The real-time clocks in the present system are made to generate interrupts periodically for the purposes of accomplishing periodic information saving actions. The time clock overllow interrupt responder routine of the control program is written to accept specifications from programs regarding the desired frequency of dumping and the scope of material that is to be saved.

The invention however, both as to its organization and method of operation together with further objects and advantages thereof may best be understood by reference to the following description taken in connection with the drawings wherein:

FIG. 1 comprises FIGS. 1A and 1B together presenting a block diagram showing the overall system of interrupts in association with the data processing system elements to which they relate;

FIG. 2 is a block diagram showing the elements of the basic interrupt system involved to cause an operational mode shift in a computer processor.

FIG. 3 is a block diagram showing the program areas affected by each of the masked interrupt signals.

FIG. 4 comprises FIGS. 4A and 4B together presenting a logical diagram showing the detailed logical elements of the interrupt system.

FIG. 5 is a block diagram of a typical individual interrupt register bits showing masked and unmasked interrupt signal flow paths in accomplishing an interrupt.

FIG. 6 is a flow path diagram illustrating computer processor operation during the handling of an interrupt condition.

FIG. 7 is a flow path diagram illustrating computer processor operation during an input/output request interrupt.

FIG. 8 is a logical diagram showing computer processor operation during the handling of an interrupt to cause the initiation of an input/output operation.

FIG. 9 is a composite of FIGS. 9A and 9B which constitute a logical flow path diagram of computer processor showing operation during the handling of an input/ output termination interrupt.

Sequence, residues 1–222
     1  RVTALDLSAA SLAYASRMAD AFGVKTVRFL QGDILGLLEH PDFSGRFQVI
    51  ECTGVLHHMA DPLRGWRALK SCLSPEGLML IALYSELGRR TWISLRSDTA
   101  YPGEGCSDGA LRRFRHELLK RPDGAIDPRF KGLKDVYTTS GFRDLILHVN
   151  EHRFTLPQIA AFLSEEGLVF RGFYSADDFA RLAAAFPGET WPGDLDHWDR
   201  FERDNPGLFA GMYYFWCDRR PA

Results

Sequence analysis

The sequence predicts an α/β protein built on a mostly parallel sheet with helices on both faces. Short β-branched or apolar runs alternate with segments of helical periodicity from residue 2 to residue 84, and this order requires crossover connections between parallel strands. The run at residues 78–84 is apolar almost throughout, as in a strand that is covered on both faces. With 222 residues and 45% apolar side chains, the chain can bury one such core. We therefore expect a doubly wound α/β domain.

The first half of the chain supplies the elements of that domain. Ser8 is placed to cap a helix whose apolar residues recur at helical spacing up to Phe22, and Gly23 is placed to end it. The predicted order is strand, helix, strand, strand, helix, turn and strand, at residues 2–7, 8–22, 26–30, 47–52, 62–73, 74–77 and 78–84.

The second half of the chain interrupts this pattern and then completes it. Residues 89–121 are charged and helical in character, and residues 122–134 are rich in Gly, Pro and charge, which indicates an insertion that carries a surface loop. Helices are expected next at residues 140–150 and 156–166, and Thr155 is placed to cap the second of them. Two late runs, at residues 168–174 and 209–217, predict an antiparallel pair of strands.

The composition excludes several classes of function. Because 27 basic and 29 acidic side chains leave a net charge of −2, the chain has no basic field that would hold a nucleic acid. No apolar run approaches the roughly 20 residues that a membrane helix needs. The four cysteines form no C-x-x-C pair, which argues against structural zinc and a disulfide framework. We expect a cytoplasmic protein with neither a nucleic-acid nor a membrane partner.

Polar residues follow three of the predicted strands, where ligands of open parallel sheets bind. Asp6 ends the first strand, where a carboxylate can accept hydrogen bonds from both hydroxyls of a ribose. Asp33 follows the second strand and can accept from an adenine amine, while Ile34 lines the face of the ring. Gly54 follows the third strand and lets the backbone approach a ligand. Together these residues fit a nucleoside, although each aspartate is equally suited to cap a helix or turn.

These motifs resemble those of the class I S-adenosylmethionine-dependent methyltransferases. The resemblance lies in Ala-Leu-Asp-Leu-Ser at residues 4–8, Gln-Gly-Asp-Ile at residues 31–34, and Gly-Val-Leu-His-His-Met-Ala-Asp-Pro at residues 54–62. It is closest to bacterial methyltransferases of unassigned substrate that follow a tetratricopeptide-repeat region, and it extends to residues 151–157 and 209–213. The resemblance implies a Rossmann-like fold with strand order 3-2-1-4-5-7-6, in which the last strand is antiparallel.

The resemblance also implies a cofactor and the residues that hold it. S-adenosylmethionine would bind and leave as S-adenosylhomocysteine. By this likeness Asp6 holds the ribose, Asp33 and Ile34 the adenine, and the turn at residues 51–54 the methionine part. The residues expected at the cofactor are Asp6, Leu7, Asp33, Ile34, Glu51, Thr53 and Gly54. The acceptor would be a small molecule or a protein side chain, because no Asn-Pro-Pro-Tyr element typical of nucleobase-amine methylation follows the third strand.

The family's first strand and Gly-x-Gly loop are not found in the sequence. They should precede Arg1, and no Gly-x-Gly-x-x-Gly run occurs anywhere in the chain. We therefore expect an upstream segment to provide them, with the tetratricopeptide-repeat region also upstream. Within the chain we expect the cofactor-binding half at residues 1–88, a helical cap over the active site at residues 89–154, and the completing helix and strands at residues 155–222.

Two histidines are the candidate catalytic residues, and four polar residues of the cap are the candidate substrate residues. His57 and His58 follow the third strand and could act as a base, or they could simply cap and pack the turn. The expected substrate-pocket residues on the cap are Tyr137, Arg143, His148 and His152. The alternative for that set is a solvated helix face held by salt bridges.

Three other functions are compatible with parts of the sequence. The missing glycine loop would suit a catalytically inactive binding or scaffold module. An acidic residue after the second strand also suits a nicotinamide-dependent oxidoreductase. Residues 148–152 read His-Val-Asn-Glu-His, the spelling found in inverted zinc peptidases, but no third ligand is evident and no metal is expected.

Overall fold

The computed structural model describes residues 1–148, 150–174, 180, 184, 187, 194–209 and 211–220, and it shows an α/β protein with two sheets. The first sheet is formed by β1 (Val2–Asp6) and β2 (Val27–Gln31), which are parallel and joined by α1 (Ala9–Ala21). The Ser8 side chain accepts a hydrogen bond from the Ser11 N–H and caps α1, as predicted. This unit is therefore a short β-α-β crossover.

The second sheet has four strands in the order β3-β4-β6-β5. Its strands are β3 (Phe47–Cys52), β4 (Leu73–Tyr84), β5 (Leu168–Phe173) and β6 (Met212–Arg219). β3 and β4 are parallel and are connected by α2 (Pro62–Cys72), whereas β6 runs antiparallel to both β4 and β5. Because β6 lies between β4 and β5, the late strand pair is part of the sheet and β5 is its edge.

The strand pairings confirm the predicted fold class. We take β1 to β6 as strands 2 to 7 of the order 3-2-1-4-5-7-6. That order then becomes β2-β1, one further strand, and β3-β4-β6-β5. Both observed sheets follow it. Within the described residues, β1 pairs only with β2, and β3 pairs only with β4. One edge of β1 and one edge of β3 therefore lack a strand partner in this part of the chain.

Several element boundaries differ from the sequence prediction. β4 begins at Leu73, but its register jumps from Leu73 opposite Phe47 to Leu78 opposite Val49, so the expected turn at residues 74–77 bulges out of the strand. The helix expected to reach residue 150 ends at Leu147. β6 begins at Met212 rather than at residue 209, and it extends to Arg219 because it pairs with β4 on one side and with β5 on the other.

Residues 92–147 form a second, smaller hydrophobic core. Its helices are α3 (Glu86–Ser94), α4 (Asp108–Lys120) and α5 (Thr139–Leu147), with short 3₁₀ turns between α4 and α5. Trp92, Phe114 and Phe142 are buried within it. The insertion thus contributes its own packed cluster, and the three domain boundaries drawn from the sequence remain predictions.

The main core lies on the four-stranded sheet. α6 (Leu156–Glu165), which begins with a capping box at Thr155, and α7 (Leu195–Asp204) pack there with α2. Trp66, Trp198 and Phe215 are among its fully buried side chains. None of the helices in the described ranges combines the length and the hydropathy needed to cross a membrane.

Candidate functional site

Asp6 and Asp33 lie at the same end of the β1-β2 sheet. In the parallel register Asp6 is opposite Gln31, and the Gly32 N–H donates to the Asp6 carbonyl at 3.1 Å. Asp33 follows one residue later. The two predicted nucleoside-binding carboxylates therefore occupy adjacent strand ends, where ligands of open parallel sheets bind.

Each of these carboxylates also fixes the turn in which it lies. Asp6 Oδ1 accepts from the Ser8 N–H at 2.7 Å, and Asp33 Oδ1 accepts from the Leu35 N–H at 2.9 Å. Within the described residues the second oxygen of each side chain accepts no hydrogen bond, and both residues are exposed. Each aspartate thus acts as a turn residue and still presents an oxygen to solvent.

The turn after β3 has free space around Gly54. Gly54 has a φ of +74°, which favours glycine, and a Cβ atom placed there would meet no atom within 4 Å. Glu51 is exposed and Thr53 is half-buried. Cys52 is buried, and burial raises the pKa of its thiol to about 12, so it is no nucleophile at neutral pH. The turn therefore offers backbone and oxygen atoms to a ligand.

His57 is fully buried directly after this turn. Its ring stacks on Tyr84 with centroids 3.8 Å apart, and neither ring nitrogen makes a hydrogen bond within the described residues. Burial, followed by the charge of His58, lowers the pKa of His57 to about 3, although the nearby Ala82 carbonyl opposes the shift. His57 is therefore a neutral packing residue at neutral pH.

FIG. 10 is a logical fiowpath diagram of computer processor showing operation during the handling of an automatic power restart following a power failure interrupt.

FIG. 11 is a composite of FIGS. 11A and 118 which constitute a block diagram of the entire computer proces' sor showing the interrupt system in its related location.

In order to operate the present interrupt system effectively, certain instructions must be possible during the execution of the control program but not during the normal programs. One reason for this is to protect memory and input/output terminal equipment assigned to an operating program from being disturbed by an undebugged program. For example, only the control program has sufficient information available to adequately direct and assign in ut/output operations.

A study of various interrupt conditions will bring out the need for special instructions valid only in the Control Mode. These instructions are discussed below, describing the operation of the instructions. Some have alternate descriptions and the purpose of the instructions and why they cannot be valid in the normal mode will be discussed.

(1) Load Mask Registcr.The control program must be able to alter the Mask Register of each computer selectively. The interrupt conditions processed by each computer may need to be changed depending on the urgency of the normal mode program to be executed. On the other hand, a normal mode program should not be allowed to adjust its Mask Register, since it does not have the scheduling information available, nor does it have the ability to interrupt another computer. Lacking this, a normal mode program could leave a system interrupt unprocessed or accessible for processing by more than one computer, either of which might cause trouble in the Control Program.

The following subsections (a), (b), and (c) are variations of the Load Mask Register instruction.

(a) Interrupt Computer N.Because of a change in conditions, it may be necessary for one computer to signal another to re-examine its scheduling, etc. The control program being executed by the first computer would set up in memory (accessible to the control program of the second computer) sufficient data to indicate the reason for the interrupt, and then give this instruction. The control program of the second computer examines the appropriate memory locations and takes the proper action.

If this instruction were allowed in the normal mode, an undebugged program would cause a properly running program on a different computer to take improper action, which could ruin the data on this run. The memory bounds could prevent the first computer from setting up false instructions for the second computer, but even so, there is no need to allow the second computer to be interrupted in such a case. The only program with sufficient data to determine whether to interrupt a particular computer is the control program.